Clean air acts may have helped return storm cycles to a more natural state.To the ever-growing list of ways humanity seems to have altered the earth, add another candidate: Air pollution may have had a major soothing influence on storm cycles in the North Atlantic.

That is the finding of a paper published this week, suggesting that industrial pollution from North America and Europe through much of the 20th century may have altered clouds in ways that cooled the ocean surface. That, in turn, may have suppressed storms, and particularly major hurricanes, below the level that would have existed in a purely natural environment.

If the authors are right, the upturn in storms over the last couple of decades may be no accident. It could, instead, be at least partly a consequence of the clean air acts that have reduced pollution around the North Atlantic basin, thus returning the storm cycles to their more natural state.

The possible impact on storms emerged from sophisticated new computer analyses of the climate that attempt to take account of the indirect effects of particles in the air; it is leading-edge science that may or may not hold up over the long haul.


“Our results show changes in pollution may have had a much larger role than previously thought,” said Nick J. Dunstone, a researcher with Britain’s meteorological service and the lead author of the new paper. He acknowledged, however, that “this is all quite new” and the science remains uncertain.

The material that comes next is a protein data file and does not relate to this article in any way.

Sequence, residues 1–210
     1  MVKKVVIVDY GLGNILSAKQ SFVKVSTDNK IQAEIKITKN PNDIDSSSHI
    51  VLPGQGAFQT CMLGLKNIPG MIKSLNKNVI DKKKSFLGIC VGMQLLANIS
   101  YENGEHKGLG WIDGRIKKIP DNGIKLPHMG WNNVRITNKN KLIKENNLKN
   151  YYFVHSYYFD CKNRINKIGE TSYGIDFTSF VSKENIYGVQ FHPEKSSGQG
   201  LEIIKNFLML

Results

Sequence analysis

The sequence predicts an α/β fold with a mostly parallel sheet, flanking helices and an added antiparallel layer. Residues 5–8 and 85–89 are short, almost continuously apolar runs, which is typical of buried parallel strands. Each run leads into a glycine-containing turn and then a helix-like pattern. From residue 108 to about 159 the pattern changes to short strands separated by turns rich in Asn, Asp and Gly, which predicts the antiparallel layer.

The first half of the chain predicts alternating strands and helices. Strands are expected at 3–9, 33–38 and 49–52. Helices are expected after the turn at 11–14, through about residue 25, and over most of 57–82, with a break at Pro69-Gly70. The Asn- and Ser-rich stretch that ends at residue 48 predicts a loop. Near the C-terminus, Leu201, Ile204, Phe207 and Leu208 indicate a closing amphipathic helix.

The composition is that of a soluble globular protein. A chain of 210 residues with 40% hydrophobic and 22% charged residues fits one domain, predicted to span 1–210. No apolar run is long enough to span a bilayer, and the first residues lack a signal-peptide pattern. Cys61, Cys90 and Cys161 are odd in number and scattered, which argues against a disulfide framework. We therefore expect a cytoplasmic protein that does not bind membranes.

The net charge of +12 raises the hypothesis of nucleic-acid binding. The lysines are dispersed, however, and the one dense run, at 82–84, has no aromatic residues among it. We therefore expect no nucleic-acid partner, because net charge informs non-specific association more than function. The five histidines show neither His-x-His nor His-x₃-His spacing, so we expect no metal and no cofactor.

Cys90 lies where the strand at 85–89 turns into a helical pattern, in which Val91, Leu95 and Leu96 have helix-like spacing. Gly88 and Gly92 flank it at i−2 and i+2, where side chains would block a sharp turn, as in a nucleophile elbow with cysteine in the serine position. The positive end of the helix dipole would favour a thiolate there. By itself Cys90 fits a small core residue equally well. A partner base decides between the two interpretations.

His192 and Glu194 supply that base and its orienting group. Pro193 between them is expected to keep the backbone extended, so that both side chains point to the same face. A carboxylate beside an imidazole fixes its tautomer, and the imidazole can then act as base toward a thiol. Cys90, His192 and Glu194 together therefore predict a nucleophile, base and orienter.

As many people will recall, the North Atlantic was quiescent in the 1970s and 1980s, especially for major hurricanes, creating a false sense of security and encouraging coastal development. But starting in the 1990s, storminess increased sharply, and the new study says that may be because clean air laws had started to take effect.


Previous work had suggested pollution could be playing a significant role in storminess, but the new paper is the most detailed exploration yet of the possible mechanism. It was published online Sunday by the journal Nature Geoscience.


The alternative to this new view is the one most climate experts have long held, that the variability in storminess in the North Atlantic is a function of large-scale natural oscillations in the ocean circulation